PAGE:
Re-centering around summits isn't really meant to embed an assumption regarding the expected width of enriched areas.
Rather, it is there to address issues relating to highly variable peak widths, especially after merging peak calls from multiple replicates.
We are trying to lessen the proportion of the peaks that consist mostly of background reads, and hence increase technical variance.
The more refined (narrow) the peak boundaries are, the fewer background bases are included, leading to higher confidence in assessing differential enrichment.
The idea is that we don't really need to know the "true" boundaries of enriched areas, but rather work with subsets of those regions that are likely to exhibit enrichment across replicates in at least one sample group, and test those higher-confidence areas for differential enrichment.
Remember, when a tool like
DiffBind calculates that a certain region is significantly differentially enriched, it is not saying that areas outside of these regions are not differentially enriched.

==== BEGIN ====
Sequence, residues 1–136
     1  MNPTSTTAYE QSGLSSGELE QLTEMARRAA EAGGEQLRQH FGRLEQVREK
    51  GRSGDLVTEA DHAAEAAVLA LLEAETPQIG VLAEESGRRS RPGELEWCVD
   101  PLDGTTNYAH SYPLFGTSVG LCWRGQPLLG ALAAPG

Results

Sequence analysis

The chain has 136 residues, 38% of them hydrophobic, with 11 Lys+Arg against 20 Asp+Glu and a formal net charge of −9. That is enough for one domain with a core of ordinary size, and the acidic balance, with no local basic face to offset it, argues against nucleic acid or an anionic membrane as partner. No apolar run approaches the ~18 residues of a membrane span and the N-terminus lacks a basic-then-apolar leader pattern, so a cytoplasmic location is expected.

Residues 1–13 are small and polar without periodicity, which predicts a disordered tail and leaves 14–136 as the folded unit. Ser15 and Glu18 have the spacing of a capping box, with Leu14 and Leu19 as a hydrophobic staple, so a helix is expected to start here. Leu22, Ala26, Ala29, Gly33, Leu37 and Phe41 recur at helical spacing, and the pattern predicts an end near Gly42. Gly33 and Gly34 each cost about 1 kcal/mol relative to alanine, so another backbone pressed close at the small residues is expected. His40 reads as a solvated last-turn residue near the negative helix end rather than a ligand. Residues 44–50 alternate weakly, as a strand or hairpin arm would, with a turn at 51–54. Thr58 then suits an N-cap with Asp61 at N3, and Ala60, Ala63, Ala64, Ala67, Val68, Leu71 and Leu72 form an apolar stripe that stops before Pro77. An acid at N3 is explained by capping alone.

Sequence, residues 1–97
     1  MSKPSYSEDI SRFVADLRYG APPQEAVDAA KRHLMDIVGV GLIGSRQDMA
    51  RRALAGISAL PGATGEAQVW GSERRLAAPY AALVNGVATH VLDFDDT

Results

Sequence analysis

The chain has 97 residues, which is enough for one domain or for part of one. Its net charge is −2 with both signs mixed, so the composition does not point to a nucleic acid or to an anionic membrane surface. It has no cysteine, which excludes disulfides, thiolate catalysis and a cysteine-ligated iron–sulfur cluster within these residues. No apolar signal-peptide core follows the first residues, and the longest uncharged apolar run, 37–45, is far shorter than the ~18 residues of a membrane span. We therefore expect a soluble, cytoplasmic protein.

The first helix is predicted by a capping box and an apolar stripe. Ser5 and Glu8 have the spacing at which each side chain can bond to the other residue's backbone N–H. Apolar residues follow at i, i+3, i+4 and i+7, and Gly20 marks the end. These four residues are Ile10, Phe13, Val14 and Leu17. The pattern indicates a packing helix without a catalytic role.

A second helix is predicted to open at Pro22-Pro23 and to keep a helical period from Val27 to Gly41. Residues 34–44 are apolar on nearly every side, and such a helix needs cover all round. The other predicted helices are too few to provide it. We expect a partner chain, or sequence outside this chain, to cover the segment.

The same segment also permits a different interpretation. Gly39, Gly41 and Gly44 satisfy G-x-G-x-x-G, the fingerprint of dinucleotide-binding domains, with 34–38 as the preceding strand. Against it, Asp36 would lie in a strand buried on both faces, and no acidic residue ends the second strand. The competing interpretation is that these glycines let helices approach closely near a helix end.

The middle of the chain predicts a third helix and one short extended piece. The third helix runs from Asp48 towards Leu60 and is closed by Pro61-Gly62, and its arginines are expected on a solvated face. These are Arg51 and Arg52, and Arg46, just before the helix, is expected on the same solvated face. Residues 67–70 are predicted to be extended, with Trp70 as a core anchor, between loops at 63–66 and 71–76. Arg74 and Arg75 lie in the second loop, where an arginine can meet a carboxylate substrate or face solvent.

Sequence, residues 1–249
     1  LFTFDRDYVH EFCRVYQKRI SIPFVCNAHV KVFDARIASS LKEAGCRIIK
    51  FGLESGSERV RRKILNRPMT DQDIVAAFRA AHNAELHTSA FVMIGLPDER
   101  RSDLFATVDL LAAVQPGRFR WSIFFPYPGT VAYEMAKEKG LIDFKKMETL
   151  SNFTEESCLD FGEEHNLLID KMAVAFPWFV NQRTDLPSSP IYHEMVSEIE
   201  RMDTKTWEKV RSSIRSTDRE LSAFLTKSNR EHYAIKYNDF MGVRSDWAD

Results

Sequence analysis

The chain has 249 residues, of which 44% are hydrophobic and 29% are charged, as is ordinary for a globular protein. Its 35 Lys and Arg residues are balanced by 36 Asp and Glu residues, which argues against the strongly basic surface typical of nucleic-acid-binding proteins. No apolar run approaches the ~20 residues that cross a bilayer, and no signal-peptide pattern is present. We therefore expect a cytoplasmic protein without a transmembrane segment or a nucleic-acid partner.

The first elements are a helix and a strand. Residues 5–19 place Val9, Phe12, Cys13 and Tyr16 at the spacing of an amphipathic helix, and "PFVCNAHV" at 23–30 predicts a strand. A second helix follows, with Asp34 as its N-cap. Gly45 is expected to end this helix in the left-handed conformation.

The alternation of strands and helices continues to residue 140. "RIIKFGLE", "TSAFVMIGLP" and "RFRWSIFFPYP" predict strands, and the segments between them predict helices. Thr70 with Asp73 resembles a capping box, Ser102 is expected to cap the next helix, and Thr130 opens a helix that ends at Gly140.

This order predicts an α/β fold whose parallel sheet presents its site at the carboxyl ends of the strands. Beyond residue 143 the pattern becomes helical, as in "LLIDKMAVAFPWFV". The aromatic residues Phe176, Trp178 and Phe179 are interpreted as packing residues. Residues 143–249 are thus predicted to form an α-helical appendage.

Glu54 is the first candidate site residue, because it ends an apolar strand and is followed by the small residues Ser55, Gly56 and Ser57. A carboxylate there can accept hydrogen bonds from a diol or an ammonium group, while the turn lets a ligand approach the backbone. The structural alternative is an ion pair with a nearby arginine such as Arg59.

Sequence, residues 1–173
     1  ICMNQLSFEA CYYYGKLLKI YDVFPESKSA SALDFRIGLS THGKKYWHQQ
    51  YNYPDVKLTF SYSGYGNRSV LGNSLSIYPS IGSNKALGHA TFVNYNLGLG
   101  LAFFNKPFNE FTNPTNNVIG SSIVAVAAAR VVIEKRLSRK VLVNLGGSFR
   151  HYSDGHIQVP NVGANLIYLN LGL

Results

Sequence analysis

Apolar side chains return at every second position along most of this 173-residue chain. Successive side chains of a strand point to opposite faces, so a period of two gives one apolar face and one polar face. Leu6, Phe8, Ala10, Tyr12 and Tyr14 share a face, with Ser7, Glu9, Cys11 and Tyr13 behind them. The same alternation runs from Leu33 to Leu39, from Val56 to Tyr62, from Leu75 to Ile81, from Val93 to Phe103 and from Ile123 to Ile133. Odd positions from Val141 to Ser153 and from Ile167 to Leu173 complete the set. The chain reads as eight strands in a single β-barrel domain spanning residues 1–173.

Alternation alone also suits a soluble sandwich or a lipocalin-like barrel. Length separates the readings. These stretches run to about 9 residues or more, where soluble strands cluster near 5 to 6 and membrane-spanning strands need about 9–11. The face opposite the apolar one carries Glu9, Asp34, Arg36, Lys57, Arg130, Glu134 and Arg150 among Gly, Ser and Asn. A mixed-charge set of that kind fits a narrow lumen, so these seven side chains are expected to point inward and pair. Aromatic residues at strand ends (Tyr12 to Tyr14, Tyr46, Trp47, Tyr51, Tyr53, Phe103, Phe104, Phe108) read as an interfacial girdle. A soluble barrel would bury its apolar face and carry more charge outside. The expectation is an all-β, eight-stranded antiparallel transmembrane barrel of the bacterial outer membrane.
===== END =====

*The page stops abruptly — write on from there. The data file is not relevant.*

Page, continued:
The important thing is to keep in mind is the scientific purpose of performing the analysis, in particular, what you are doing to do with the regions identified as exhibiting differential enrichment.
In many cases, the next step is to annotate these regions and calculate their proximity to known genomic features (such as promoters or gene bodies), or to calculate their proximity to other differentially enriched features (such as histone marks indicating an active enhancer).
Often these are then correlated with some other functional feature, such as transcript expression or chromatin looping.
For these purposes, it is not necessary to know the precise boundaries of the enrichment, only that there is differential enrichment proximal to features of interest.
If more precision regarding the extent of enrichment (eg. open chromatin) is required to meet the objectives of the study, the re-centred regions identified as differential can be examined across replicates to more precisely determine the enrichment boundaries.
An approach that does not rely on peak calling, such as that used in
csaw, makes fewer assumptions about the extent of enriched regions and can test small windows (even down to the base pair level) individually.